Edgeworth: If it is as she claims... that this is a different "plane"... that would seem to corroborate...
Edgeworth shudders.
Edgeworth: Furthermore, if magic is a science here, it becomes harder to deny that things were as they seemed that time. It may be, as she implies, that it's something we haven't taken the time to understand, perhaps due to the apparent rarity.
Edgeworth gulps, then shakes his head, then audibly chokes back a sob before turning his head away from Althea and grabbing one elbow with the opposite hand.
Edgeworth is silent for a few minutes before finally tensing up. If I can't bring myself to face the truth, am I any better than whoever it was that truly lied that time? Does it matter whose lie it really was if I'm too cowardly to surpass either?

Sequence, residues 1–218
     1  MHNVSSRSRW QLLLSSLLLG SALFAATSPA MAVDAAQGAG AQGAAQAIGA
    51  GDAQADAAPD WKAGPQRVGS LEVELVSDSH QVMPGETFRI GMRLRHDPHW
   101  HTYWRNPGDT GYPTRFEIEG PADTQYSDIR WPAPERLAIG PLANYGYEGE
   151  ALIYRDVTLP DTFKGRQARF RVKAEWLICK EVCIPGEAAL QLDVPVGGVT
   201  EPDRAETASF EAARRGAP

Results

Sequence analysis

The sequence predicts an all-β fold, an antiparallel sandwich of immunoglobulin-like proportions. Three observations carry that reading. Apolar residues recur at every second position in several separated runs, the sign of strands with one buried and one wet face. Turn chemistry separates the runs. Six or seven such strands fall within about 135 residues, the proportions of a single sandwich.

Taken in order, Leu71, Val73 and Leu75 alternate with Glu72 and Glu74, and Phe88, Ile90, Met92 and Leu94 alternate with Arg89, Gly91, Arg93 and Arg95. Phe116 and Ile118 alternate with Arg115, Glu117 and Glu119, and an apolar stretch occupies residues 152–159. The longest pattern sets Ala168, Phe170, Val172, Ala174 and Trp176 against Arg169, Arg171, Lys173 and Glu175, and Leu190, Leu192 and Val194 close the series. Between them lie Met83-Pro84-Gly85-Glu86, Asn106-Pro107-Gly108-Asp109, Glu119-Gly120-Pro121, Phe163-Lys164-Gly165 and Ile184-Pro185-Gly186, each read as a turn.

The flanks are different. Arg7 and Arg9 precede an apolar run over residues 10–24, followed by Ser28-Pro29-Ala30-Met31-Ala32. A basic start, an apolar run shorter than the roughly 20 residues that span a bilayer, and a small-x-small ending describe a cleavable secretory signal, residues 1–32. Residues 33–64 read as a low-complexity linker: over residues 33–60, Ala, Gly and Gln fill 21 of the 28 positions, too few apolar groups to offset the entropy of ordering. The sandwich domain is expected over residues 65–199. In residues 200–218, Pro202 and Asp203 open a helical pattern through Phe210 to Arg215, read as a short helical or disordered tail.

Edgeworth lets his elbow go and stands, glaring into the distance. Haven't I already decided that the truth stands above even the law? To face it is the only proper course!
Edgeworth: I'll banish this weakness within me and any lies without!

A pale sky blue flash, faint but still noticable in indoor lighting, suddenly bursts out from Edgeworth.

Edgeworth recoils. "Wh-what the hell was that?!"

A number of readers nearby shush Edgeworth with varying levels of irritation.

Althea sets aside the book she's studying and approaches Edgeworth, speaking quietly. "I thought you said you didn't have magic where you come from."
Edgeworth: Gkk — I — but — I don't! I-I mean —
Althea: Keep it down. This is a library.
Edgeworth glares daggers at Althea's eyes and hisses back, "I know that!"